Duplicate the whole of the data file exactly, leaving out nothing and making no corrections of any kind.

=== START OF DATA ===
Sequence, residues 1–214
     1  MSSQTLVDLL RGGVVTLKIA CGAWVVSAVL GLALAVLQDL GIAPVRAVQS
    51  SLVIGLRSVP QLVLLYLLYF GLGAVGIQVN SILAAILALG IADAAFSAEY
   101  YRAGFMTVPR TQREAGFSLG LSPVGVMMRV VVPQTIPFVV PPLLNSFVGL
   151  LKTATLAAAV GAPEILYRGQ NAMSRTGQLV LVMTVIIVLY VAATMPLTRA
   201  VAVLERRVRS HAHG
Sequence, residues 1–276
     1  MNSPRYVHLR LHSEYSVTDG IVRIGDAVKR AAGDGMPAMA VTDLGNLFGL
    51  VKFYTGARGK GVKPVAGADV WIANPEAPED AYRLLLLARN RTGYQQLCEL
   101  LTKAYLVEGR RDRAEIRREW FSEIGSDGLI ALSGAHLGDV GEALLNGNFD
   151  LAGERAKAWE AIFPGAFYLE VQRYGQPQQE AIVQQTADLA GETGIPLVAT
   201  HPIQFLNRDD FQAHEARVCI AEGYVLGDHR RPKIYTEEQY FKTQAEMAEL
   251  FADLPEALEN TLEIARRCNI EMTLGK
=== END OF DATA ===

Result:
Sequence, residues 1–214
     1  MSSQTLVDLL RGGVVTLKIA CGAWVVSAVL GLALAVLQDL GIAPVRAVQS
    51  SLVIGLRSVP QLVLLYLLYF GLGAVGIQVN SILAAILALG IADAAFSAEY
   101  YRAGFMTVPR TQREAGFSLG LSPVGVMMRV VVPQTIPFVV PPLLNSFVGL
   151  LKTATLAAAV GAPEILYRGQ NAMSRTGQLV LVMTVIIVLY VAATMPLTRA
   201  VAVLERRVRS HAHG
Sequence, residues 1–276
     1  MNSPRYVHLR LHSEYSVTDG IVRIGDAVKR AAGDGMPAMA VTDLGNLFGL
    51  VKFYTGARGK GVKPVAGADV WIANPEAPED AYRLLLLARN RTGYQQLCEL
   101  LTKAYLVEGR RDRAEIRREW FSEIGSDGLI ALSGAHLGDV GEALLNGNFD
   151  LAGERAKAWE AIFPGAFYLE VQRYGQPQQE AIVQQTADLA GETGIPLVAT
   201  HPIQFLNRDD FQAHEARVCI AEGYVLGDHR RPKIYTEEQY FKTQAEMAEL
   251  FADLPEALEN TLEIARRCNI EMTLGK